We are now living in the era of "quiet quitting." Millions of Americans are fed up with the rise of predatory capitalism and the way it victimizes working people. The pathologies of modern capitalism are captured well in the reaction from "Shark Tank" personality and entrepreneur Kevin O'Leary, who offers the opinion that "quiet quitting is a really bad idea," saying that he expects his employees to put in "25 hours a day, eight days a week," and that people who insist on working a 9-to-5 schedule are "not working for me."
It should be obvious from those comments that Leary is a financial predator who victimizes his employees. People have a basic ethical responsibility to protect themselves from employers like that — developing sustainable habits for a healthy life requires spending plenty of time with your significant other, family members and friends, developing healthy eating and lifestyle habits, exercising and getting outside, and leaving time for other leisure and personal activities. Yet abusive investors like O'Leary are considered respected leaders in business and finance, which testifies to the degenerate nature of modern capitalism.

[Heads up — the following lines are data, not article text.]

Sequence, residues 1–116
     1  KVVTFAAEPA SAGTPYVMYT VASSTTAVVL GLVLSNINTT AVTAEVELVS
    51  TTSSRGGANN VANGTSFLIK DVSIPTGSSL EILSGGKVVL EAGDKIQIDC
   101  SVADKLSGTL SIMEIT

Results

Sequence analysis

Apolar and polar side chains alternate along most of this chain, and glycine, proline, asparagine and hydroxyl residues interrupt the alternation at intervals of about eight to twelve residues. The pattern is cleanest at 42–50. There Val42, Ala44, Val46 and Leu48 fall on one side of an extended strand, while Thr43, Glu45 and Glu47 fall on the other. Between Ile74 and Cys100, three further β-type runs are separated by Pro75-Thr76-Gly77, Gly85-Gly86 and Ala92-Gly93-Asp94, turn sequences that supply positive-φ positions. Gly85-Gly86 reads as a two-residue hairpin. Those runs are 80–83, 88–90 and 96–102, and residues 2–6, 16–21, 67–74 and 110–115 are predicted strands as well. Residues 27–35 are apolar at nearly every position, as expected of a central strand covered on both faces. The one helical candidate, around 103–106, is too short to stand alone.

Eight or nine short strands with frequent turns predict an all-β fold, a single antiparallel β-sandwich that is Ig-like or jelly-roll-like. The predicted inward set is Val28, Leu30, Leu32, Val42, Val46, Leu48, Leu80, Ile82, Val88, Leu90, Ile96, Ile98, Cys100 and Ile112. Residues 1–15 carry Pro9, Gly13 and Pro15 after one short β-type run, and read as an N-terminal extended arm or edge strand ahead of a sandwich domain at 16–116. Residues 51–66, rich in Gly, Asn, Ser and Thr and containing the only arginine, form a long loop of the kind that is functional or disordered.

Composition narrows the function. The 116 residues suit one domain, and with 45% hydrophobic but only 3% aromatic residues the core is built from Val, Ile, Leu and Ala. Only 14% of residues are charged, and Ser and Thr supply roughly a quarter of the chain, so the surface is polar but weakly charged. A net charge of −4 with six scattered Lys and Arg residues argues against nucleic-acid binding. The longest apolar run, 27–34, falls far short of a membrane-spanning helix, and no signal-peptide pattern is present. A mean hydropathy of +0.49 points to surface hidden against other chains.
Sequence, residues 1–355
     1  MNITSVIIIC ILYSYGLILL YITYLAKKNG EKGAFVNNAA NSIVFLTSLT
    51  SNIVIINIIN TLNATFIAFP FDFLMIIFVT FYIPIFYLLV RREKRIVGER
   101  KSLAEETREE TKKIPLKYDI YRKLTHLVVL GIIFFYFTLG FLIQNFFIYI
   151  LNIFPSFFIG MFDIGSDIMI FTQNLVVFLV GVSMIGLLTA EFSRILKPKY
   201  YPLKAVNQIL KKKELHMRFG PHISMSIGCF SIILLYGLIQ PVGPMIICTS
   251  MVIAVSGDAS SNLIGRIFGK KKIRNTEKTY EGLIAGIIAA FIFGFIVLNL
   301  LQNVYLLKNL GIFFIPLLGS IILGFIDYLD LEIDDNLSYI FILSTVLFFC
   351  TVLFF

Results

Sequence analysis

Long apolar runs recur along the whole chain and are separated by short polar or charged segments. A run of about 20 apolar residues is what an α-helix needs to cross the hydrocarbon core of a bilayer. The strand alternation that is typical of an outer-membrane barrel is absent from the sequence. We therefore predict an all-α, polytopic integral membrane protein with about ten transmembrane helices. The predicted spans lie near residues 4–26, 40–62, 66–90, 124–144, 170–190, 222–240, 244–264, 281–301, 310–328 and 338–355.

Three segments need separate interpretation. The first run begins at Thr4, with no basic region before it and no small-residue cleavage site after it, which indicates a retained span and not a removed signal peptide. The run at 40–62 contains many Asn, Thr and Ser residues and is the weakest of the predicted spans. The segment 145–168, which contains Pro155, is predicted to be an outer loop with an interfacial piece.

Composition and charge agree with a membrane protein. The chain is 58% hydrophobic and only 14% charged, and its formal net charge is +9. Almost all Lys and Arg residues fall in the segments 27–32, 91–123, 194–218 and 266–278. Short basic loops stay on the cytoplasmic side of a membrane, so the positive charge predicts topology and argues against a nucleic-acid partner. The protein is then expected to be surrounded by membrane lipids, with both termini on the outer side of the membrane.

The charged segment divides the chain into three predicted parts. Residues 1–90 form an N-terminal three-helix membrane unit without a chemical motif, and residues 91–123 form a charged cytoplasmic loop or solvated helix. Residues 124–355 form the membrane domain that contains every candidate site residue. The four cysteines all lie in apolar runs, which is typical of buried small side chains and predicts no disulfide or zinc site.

Fortunately, tens of millions of working Americans are rejecting the dominant neoliberal ideology of the O'Learys of the world, and recognizing how toxic they are to human health and to sustaining individuals and families. An August 2022 survey from ResumeBuilder.com finds that one in 10 American workers says they are "putting in less effort than 6 months ago," and 21 percent are "quiet quitting," explaining that they "only do the bare minimum" to meet their work obligations. With more than 133 million full-time employed Americans in the workforce, one in five people quiet-quitting translates to 28 million people who are drawing boundaries with their employers to protect their time, their health and sanity.